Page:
must return to the Six-Party Talks immediately. A nuclear weapons
and military first policy will only lead to destruction.

(This is a translation provided by the newspaper, and it is
identical to the Korean version.)


NORTH KOREA SHOULD TAKE UNSC'S ANTI-NUCLEAR RESOLUTION SERIOUSLY
(Dong-a Ilbo, September 28, 2009, Page 31)

The UN Security Council unanimously adopted Resolution 1887 on
nuclear non-proliferation and nuclear disarmament on September 24.
The heads of the UNSC member nations came forward to spearhead
anti-nuclear efforts in order to save the international community
from nuclear threats. UN Secretary-General Ban Ki-Moon attached
significance to the day, describing it as a "historic moment."


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Although the resolution did not specifically mention North Korea and
Iran, the leaders of major nations made it clear that (the
resolution) is targeted at the two nations. President Obama warned
during his speech at the UN General Assembly that "the governments
of North Korea and Iran threaten to take us down this dangerous
slope" and "they must be held accountable." French President
Nicolas Sarkozy said after the adoption of the resolution that for
almost 20 years since 1993, the Pyongyang regime has been developing
nuclear and missile programs and exporting sensitive technologies
overseas, and he urged every UN member nation to supervise and seize
North Korea's illegal weapons and nuclear exports.

The international community's commitment to nuclear
non-proliferation is stronger than ever before. Since President
Obama advocated a nuclear-weapons-free world in April, he has
ambitiously taken the road to nuclear non-proliferation. He will
chair the Global Nuclear Security Summit next March and the NPT
(Nuclear Non-Proliferation Treaty) Review Conference next May. The
reason why the special, summit-level meeting of the UN Security
Council was held after five years was that its member nations
considered nuclear threats from North Korea and Iran to be serious.

Russia is also taking part in the U.S.'s anti-nuclear efforts.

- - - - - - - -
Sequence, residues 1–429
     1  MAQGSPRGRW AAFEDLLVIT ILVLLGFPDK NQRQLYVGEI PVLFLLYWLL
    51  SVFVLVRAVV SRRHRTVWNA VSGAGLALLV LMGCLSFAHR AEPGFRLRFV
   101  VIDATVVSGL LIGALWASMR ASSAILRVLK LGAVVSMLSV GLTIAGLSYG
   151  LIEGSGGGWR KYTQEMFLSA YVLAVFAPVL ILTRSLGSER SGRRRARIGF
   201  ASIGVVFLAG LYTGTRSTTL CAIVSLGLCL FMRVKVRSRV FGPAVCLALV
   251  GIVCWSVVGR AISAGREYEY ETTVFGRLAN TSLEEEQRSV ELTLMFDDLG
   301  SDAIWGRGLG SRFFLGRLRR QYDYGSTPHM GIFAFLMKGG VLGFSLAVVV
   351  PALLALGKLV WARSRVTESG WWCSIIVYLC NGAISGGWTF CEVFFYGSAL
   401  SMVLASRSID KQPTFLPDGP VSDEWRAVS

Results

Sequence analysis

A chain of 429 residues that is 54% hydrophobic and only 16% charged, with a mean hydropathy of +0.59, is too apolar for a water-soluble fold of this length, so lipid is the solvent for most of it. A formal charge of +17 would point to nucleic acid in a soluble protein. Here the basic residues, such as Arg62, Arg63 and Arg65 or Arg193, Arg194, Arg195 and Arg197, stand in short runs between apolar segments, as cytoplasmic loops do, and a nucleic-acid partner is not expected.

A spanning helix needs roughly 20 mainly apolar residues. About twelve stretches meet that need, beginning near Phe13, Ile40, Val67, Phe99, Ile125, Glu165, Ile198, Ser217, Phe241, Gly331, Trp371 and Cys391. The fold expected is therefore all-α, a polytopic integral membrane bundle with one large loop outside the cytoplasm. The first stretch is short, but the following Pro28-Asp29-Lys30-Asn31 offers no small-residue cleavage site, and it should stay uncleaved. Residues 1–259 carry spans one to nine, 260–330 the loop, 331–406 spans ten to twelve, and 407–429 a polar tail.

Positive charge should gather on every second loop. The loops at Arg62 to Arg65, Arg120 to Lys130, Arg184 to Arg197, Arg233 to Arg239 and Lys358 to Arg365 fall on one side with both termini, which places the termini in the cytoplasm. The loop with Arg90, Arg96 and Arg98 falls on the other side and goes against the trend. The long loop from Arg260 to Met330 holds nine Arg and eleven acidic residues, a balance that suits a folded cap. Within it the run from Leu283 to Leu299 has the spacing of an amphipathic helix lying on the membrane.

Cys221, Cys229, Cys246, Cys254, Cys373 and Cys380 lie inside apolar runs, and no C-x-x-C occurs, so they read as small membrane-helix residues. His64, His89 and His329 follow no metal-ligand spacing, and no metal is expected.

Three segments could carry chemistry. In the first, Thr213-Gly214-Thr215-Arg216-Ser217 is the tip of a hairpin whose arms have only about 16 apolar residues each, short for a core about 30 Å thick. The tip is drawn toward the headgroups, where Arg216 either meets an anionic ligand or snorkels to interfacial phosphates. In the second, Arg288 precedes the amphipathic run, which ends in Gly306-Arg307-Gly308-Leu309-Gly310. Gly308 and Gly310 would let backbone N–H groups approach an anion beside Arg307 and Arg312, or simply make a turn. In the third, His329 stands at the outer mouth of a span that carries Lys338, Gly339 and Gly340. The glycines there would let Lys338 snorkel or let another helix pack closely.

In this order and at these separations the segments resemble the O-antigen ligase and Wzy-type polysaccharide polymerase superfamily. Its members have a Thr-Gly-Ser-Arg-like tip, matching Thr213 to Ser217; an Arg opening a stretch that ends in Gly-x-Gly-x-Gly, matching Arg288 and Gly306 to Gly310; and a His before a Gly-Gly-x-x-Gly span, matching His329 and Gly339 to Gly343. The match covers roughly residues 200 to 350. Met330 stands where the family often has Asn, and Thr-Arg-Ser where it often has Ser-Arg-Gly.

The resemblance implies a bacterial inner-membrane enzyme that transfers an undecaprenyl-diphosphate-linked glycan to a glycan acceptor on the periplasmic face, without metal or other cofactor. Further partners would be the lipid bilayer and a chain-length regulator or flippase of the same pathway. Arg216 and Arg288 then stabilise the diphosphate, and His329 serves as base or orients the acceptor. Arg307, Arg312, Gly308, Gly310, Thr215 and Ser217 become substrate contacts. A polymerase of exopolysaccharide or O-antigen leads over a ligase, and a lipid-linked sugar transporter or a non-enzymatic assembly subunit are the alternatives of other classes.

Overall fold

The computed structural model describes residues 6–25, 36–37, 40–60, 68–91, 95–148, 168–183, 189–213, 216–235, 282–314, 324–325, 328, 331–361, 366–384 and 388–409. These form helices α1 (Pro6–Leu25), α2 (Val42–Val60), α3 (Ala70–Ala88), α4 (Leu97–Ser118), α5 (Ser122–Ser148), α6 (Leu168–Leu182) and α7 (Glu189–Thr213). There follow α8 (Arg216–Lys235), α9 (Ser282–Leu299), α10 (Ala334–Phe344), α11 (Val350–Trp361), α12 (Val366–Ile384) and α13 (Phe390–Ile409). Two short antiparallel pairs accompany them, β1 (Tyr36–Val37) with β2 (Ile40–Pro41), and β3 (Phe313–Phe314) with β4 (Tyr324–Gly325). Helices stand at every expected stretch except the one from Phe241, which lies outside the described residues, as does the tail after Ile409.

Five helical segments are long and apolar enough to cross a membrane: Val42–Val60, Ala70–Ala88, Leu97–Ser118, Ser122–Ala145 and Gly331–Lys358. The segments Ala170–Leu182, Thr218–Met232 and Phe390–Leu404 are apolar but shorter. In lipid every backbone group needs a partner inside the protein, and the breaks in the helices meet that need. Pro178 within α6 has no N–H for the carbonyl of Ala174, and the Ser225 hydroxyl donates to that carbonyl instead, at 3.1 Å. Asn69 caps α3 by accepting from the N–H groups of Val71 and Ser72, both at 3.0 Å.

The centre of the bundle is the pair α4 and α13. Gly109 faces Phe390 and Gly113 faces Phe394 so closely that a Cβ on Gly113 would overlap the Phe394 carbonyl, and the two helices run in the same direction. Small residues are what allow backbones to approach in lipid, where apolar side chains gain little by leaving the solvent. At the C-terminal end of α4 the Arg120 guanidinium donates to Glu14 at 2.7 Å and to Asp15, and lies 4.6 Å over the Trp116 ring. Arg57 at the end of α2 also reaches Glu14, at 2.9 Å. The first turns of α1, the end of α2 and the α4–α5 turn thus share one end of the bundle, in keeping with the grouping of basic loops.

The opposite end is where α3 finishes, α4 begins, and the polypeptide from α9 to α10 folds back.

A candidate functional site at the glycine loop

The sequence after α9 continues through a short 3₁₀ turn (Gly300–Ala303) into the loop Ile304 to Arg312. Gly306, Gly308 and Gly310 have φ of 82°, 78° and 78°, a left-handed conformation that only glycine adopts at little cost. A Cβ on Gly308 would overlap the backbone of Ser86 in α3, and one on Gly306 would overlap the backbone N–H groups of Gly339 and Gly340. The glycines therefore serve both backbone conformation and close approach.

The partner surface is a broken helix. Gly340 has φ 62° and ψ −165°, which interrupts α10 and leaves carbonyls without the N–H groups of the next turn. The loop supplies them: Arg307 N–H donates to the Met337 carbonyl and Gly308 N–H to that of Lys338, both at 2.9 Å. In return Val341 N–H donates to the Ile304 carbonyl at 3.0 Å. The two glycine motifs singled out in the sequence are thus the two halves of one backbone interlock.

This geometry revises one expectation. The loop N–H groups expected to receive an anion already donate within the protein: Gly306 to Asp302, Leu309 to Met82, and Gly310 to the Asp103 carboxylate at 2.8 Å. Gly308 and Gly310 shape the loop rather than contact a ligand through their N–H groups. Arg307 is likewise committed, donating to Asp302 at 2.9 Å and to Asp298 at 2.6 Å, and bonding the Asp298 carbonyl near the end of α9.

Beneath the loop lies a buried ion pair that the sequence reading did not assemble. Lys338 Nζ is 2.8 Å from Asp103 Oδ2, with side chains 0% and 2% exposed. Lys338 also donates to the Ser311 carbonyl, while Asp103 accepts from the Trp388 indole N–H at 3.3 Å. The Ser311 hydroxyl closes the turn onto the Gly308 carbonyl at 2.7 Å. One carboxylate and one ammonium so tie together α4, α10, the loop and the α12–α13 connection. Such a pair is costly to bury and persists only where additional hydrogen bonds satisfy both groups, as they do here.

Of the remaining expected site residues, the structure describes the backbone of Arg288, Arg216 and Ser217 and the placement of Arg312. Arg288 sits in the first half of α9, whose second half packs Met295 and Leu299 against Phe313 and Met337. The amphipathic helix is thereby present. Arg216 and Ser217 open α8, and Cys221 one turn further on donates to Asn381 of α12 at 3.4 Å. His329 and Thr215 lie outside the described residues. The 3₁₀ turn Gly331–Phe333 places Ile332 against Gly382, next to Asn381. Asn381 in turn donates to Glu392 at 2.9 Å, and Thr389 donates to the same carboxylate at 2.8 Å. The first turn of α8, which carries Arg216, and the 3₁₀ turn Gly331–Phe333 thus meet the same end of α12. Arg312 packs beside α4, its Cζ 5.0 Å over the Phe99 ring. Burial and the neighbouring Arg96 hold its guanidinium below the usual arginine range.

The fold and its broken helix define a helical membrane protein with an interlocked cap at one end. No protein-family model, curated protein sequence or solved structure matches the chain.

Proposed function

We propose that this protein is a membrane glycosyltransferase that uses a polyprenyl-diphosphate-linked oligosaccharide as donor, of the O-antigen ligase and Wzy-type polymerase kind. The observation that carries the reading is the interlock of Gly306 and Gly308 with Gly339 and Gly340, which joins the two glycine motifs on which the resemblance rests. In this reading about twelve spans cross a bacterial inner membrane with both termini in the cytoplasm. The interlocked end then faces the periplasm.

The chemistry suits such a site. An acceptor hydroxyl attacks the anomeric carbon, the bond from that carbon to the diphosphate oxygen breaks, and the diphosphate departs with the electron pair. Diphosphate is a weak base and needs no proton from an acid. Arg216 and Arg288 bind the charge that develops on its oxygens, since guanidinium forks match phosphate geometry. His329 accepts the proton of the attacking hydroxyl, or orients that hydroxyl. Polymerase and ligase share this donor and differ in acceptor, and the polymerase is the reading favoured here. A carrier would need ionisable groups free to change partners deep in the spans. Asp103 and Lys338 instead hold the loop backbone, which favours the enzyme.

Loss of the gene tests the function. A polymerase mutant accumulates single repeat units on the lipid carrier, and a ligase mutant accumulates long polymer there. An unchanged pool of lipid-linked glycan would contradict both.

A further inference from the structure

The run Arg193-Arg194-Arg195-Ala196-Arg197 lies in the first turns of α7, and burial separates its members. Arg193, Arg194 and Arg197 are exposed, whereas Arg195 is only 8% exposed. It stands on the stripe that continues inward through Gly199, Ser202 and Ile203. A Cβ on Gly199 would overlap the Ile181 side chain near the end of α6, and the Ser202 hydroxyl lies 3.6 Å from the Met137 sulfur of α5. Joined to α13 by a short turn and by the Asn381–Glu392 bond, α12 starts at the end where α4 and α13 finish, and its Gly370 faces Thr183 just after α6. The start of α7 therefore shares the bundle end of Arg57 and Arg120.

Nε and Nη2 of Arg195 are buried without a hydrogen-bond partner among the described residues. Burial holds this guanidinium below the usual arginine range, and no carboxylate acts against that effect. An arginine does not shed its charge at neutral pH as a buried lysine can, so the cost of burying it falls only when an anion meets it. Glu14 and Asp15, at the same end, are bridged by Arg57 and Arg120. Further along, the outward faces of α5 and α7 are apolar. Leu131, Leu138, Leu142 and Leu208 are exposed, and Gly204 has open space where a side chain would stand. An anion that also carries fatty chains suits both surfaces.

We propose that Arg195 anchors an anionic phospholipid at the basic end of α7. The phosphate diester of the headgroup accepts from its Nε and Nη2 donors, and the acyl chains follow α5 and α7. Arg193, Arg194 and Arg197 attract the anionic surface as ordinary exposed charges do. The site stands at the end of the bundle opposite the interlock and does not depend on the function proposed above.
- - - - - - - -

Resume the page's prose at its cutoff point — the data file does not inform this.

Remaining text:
During their summit on September 23, President Obama and Russian
President Dmitry Medvedev agreed to consider imposing additional
serious sanctions on Iran if the nation does not accept the
international community's proposal to end the nuclear standoff. The
two Presidents also promised to come up with a new accord which will
replace the START-1 treaty set to expire this year.

The anti-nuclear resolution, which was adopted by the heads of the
UNSC member nations, carries more weight than an agreement from the
Six-Party Talks attended by vice minister-level officials. Through
the resolution, the UNSC members also showed their willingness to
abide by UNSC Resolutions 1718 and 1874. The latest resolution
even "encourages States to require as a condition of nuclear exports
that the recipient State agree that, in the event that it should
terminate, withdraw from, or be found by the IAEA Board of Governors
to be in non-compliance with its IAEA safeguards agreement, the
supplier state would have a right to require the return of nuclear
material and equipment provided prior to such termination,
non-compliance or withdrawal, as well as any special nuclear
material produced through the use of such material or equipment."
If North Korea continues to ignore these warnings, it will
inevitably be driven into a corner with its regime security
deteriorating.


STEPHENS